Proportion of high-risk jobs has decreased since 2011, indicating some positions may already have been automated out of existence
A new study has indicated that 1.5 million people in England are at “high risk” of having their jobs replaced by automated tools or robots.
The analysis from the Office of National Statistics (ONS) found that the proportion of jobs facing a high risk of automation decreased slightly from 2011 to 2017, from 8.1 percent to 7.4 percent, while the proportion of jobs at low and medium risk has risen.
The ONS defined “high risk” as a greater than 70 percent risk of automation.
The decline in the proportion of high-risk jobs may be due to some jobs already having been lost to automated processes, the ONS said.
“For instance, self-checkouts at supermarkets are now a common sight, reducing the need to have as many employees working at checkouts,” the agency said.
It said 70 percent of the most at-risk positions were held by women, with part-time workers and young people the next most commonly affected groups.
The results are based on an analysis of some 20 million jobs in 2017, 7.4 percent of which were at high risk of being automated out of existence.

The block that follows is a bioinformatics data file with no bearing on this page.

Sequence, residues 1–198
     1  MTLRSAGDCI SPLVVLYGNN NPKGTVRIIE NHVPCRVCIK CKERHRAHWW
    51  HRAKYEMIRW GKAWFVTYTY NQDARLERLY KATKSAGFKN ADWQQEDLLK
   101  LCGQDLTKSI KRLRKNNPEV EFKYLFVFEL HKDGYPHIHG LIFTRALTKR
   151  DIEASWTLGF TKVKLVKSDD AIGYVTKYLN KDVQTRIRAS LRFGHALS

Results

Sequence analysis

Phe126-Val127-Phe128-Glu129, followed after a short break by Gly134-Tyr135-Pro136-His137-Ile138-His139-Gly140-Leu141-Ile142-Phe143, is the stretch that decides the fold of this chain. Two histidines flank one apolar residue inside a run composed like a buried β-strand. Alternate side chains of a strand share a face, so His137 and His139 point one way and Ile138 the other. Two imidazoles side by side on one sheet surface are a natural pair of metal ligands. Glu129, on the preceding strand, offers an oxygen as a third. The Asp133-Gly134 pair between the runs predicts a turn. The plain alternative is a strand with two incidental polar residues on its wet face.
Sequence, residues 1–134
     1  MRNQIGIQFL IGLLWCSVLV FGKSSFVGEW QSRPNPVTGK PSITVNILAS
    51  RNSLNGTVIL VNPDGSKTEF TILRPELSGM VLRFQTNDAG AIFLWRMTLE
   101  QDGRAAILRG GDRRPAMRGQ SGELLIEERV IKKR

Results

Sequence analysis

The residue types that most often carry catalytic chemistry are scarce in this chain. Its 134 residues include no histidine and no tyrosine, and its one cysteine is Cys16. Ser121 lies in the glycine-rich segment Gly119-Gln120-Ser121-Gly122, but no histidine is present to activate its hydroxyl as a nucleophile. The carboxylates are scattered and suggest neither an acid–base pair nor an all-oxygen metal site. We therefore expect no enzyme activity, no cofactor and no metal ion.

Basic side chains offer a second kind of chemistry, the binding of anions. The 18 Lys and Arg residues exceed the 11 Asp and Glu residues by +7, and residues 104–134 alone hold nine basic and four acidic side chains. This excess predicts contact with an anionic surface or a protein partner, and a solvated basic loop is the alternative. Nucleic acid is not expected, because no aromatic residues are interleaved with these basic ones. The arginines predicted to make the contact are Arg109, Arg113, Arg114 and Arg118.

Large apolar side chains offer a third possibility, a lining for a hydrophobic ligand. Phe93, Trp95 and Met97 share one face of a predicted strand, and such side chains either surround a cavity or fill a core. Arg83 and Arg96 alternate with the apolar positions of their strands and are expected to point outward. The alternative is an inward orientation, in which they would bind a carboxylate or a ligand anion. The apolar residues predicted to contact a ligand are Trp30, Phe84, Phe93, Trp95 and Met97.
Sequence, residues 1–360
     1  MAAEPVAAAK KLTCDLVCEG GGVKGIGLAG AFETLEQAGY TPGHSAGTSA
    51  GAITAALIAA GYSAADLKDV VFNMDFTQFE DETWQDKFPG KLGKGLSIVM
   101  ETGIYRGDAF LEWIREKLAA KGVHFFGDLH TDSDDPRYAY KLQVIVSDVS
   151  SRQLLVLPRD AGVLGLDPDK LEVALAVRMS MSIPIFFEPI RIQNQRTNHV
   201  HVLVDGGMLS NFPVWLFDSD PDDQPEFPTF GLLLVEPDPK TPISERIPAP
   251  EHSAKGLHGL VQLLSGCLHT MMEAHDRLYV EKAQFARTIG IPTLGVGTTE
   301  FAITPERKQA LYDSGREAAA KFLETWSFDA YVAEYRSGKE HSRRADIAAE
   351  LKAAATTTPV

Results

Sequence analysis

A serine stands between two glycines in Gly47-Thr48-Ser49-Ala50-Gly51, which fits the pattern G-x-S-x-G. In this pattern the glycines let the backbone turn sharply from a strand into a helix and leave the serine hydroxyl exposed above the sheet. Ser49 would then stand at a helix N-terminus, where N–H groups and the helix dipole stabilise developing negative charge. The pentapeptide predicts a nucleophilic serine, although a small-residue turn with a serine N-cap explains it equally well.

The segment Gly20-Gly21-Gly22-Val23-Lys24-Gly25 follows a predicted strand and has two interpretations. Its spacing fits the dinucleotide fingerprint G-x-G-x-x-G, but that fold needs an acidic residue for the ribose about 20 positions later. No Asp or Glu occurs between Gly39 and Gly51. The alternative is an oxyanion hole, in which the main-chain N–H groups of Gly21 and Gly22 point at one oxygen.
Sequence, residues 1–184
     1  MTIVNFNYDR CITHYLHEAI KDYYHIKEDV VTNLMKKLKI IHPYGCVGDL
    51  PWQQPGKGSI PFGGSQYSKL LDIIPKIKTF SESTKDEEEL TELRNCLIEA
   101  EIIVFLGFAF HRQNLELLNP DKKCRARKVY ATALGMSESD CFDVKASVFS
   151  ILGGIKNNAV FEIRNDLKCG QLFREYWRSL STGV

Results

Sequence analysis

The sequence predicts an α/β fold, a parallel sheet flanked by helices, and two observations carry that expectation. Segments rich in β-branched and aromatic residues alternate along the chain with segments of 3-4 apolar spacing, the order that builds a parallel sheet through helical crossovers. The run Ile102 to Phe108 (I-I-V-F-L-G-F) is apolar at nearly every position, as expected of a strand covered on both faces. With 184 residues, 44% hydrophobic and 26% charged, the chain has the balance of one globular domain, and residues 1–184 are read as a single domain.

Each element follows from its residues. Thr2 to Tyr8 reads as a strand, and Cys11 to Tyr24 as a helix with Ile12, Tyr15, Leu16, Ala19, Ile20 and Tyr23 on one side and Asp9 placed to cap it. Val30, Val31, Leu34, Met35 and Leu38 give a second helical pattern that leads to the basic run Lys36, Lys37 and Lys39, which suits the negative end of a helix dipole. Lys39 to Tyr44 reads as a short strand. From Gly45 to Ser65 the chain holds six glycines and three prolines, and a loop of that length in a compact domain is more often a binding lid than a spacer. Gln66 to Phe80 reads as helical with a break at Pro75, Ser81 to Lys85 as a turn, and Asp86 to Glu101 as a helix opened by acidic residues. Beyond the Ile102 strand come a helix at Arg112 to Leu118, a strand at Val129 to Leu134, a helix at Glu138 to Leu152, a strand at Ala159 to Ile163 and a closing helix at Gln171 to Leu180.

Waiters and waitresses, shelf fillers and elementary sales occupations were the three occupations most at risk from automation.
The lowest-risk positions were medical practicioners, higher-education teaching professionals and senior education professionals.
Labour market shift
The ONS remarked that it is not so much that “robots are taking over”, but that “routine and repetitive tasks can be carried out more quickly and efficiently by an algorithm written by a human, or a machine designed for one specific function”.
The risk from automation decreases for older workers, up to the ages of 35 to 39, with 1.3 percent of this age group holding roles with a high automation risk.
The risk then increases again from age 40 to 44 and onward.
“When young workers enter the labour market, they may be entering part-time roles and employed in industries like sales, retail, and other roles where some degree of automation is highly likely,” the ONS said.
It noted that the overall number of jobs has increased since its previous study, with the majority of the newer positions in occupations at low or medium risk, suggesting an adaptation in the labour market.